FIG. 4 shows channel 46 extending substantially the length of sides 34, 36 of the planar bearing 28 so that, when the bearing 28 is wrapped around the shaft 22 and ambient water is permitted to enter the channel 46, lubrication will occur around a significant angular portion of the shaft 22. It will be understood, however, that lubrication along significantly smaller angular portions of the shaft 22 is contemplated by applicant's invention.
The embodiment discussed thus far is one in which the bearing 28 can be manufactured in a planar form to simplify and facilitate manufacture. It is, however, within the scope of the applicant's invention to manufacture a bearing in the form of a circumferentially continuous sleeve through which the shaft 22 can be made to extend. In such an embodiment, the bearing 28 has an inner support surface corresponding in function to the smooth face 38 of the planar embodiment. Similarly, the sleeve includes first and second axial ends corresponding to the first and second sides 34, 36 of the planar embodiment.
Typically, however, because of the ease of manufacture, the bearing 28 will be manufactured in the planar embodiment. When so manufactured, the first lateral edge 30, the edge toward which the shaft rotates, can be beveled as at 54 along the smooth face 38 of the bearing. The bevel 54 will extend inwardly toward the shaft 22 in the direction of rotation of the shaft when the bearing 28 is mounted in its encircling position. By so beveling the first lateral edge 30 of the bearing 28, wiping which might occur as the shaft 22 is engaged by a sharp corner can be precluded or minimized.
The second lateral edge 32 can be beveled as at 56 in a like manner but in a direction opposite that of the direction of rotation of the shaft 22. When the bearing 28 is wrapped around the shaft 22 with the lateral edges 30, 32 abutting, the two bevels 54, 56 can combine to form a second and augmenting channel 58 through which lubricative fluid can be channeled. This channel 58 would, of course, extend axially with respect to the rotating shaft 22.
Lubrication at the interface between the smooth face 38 of the bearing 28 and the rotating shaft 22 can, additionally, be augmented by chamfering the first side 34 of the bearing 28 along the smooth face 38. The chamfer 60 would be inwardly toward the shaft and toward the second side of the bearing, and is best illustrated in FIGS. 4 and 5. When the bearing is wrapped around and supporting the shaft, this chamfer 60 would facilitate entry of lubricating fluid at the first axial end of the bearing.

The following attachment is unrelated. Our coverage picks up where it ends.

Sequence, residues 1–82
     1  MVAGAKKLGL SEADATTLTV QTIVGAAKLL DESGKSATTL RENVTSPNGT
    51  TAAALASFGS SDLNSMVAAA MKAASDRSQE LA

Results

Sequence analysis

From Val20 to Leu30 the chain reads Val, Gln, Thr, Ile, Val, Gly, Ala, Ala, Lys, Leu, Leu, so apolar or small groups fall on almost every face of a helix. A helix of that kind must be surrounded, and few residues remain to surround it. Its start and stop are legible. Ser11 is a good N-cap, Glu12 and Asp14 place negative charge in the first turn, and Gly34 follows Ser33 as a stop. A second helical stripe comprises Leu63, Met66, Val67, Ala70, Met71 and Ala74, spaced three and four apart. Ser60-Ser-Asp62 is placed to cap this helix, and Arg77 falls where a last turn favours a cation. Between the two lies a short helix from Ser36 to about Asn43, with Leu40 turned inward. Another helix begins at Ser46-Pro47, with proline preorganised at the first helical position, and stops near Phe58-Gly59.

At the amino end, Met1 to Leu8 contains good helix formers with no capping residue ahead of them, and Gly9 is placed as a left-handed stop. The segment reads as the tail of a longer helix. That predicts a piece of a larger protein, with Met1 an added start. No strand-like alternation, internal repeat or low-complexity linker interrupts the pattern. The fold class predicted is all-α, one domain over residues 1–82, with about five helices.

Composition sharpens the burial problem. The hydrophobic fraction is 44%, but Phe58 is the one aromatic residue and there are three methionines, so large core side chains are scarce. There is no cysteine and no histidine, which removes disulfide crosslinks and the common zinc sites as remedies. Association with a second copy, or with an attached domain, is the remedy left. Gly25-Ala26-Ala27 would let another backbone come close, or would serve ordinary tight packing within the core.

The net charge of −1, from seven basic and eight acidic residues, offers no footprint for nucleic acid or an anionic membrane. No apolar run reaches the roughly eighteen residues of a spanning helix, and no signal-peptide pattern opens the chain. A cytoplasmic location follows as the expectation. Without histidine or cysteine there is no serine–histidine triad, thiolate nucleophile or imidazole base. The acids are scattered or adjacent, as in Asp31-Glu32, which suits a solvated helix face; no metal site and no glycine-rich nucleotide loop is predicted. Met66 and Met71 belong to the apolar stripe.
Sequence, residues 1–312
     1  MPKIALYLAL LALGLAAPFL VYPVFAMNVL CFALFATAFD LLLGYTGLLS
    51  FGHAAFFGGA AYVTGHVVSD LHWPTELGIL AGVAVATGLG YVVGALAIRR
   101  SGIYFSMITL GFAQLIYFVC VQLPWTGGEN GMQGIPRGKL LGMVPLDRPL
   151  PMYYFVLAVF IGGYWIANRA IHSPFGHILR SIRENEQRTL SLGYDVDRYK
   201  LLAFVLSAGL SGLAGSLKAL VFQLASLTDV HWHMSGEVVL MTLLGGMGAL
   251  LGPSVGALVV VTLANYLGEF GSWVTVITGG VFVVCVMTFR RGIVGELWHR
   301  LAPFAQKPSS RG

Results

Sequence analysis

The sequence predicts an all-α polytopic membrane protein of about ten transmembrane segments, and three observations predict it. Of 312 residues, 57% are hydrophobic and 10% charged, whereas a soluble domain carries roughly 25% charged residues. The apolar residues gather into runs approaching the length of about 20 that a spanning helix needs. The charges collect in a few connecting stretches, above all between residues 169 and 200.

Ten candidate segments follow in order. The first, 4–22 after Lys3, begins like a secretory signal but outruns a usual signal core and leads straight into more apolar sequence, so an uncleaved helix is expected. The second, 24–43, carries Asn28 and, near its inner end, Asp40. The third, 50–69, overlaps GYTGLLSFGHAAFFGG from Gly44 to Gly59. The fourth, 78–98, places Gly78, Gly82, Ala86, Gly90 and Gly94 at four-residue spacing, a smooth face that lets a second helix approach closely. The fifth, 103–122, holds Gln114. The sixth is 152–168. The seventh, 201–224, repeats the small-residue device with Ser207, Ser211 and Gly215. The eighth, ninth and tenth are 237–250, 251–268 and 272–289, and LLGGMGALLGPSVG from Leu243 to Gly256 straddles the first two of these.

Regardless of the embodiment, the bearing should be manufactured from a material suitable for the conditions and environment in which it will be operating. Additionally, that material should possess a hardness adequate to provide the requisite support for the rotating shaft 22. It has been found that, by manufacturing the bearing from polyurethane, the necessary characteristics are achieved. It has been found that a polyurethane sheet with a hardness of 75 A durometer is particularly suitable. A polyurethane sheet having a hardness exceeding 75 A durometer is also appropriate.
Whether the bearing 28 is manufactured as a circumferentially continuous sleeve or as a planar sheet, it is desirable to include means to preclude the bearing 28 from shifting axially within the housing 26. As shown in FIG. 3, lock rings 64, 66 can be inserted into the housing 26 and received in grooves 62, 62' formed in the inner wall of housing 26 for this purpose. Prior to inserting the bearing 28, a first ring 64 can be inserted until received in its respective groove 62 so as to form an annular shoulder for engaging the second axial end of the bearing 28. The bearing 28 can then be inserted and secured in place by means of a second lock ring 66 which will be retained within the housing in a manner similar to the first lock ring 64.
Numerous characteristics and advantages of my invention have been set forth in the foregoing description. It will be understood, however, that this disclosure is, in many respects, only illustrative, and changes may be made in details, particularly in matters of shape, size, and arrangement of parts. The scope of the invention is defined in the language in which the appended claims are expressed.